Sondheim’s Into the Woods to Become a Disney Flick

Geek Culture

Into the Woods cast album coverInto the Woods cast album cover

Image: Amazon

The Walt Disney Studios has announced that Rob Marshall, director of the latest installment in the Pirates of the Caribbean franchise, will be directing a film version of the Sondheim musical Into the Woods. As the press release describes it:

Into the Woods weaves together the story of several of the most beloved fairytales (Cinderella, Little Red Riding Hood, Jack and the Beanstalk, Rapunzel) into the original story of a Baker and his wife who try to reverse a curse on their family in order to have a child, exploring the consequences of the characters’ wishes and quests and their desire for “happily ever after.” With music and lyrics by Stephen Sondheim and book and direction by James Lapine, “Into the Woods” earned 10 nominations at the 1988 Tony Awards, winning three including best score and best book of a musical. The 2002 Broadway revival won a Tony for best revival of a musical.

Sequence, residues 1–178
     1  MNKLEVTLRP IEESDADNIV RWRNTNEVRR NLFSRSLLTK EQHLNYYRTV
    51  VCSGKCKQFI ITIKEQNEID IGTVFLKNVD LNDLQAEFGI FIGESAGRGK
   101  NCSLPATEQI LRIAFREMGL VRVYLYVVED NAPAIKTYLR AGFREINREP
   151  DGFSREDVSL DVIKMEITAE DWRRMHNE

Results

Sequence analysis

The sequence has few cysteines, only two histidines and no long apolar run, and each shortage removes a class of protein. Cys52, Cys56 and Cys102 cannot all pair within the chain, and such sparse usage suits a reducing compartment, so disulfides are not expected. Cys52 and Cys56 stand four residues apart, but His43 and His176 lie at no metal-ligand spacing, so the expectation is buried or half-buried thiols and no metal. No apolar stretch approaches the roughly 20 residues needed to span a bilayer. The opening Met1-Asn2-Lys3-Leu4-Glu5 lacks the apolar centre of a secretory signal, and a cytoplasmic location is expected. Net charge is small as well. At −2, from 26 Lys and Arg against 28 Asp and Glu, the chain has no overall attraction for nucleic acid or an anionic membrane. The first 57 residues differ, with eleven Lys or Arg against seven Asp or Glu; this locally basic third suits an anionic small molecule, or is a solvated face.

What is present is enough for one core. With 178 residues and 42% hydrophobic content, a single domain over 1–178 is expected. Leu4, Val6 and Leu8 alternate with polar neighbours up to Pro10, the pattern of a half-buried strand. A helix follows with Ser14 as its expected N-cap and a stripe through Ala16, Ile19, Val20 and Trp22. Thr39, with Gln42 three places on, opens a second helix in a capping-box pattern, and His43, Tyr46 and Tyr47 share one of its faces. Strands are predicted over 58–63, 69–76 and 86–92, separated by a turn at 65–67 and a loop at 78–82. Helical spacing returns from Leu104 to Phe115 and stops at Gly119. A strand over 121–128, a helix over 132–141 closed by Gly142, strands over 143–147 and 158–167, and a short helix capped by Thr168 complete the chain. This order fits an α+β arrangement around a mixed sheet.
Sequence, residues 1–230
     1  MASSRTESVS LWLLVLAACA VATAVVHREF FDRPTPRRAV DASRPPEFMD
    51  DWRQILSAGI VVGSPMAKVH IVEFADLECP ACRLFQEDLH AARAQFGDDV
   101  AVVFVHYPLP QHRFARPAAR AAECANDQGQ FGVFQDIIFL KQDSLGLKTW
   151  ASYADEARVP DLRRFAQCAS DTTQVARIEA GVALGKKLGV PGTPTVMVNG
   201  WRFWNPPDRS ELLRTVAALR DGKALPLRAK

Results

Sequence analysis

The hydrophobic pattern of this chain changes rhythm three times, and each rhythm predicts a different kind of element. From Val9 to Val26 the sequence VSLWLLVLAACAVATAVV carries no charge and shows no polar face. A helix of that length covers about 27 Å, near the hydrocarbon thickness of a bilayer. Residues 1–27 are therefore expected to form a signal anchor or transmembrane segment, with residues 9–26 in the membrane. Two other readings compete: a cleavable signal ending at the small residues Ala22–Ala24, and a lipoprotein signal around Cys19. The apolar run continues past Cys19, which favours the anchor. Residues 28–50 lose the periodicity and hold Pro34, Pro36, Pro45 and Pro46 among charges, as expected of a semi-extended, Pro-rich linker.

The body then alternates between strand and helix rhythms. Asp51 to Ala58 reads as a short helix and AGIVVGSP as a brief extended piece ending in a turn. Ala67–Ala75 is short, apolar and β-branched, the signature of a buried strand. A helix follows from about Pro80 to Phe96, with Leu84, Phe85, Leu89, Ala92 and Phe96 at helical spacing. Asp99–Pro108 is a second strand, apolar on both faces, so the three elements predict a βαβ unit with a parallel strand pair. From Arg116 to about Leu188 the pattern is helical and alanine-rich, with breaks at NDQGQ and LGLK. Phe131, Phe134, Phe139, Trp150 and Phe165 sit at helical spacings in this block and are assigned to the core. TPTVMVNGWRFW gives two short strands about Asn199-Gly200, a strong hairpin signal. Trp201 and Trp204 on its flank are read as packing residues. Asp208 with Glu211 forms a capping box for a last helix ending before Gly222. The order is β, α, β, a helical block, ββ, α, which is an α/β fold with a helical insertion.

Even though the show is based on children’s fairytales, it is not really aimed at kids. By Act II the storylines start to get mixed up and everything takes a turn for the worst.

On the other hand, I never thought kids would go for Tim Burton’s adaptation of Sondheim’s Sweeney Todd, about a mass murderer and his girlfriend who turns the bodies into meat pies, but my sons loved it. (In fact, it inspired my then 11-year-old to create a Lego MOC of the barbershop scene, complete with trap door and pie shop, using a white minifig cape colored with red marker for a barber’s apron.) There’s also a popular student version that makes the show kid-friendly by leaving out the entire second act.

And Marshall directed the excellent 2002 movie version of the musical Chicago, as well as the 1998 stage revival of Cabaret, so he’s experienced in the genre. Some news sources are reporting that Sondheim will be writing new songs for the film.

So I’ll be reserving judgment until I see how this project develops. A Sondheim production is always worthwhile, and Marshall seems equal to the task.

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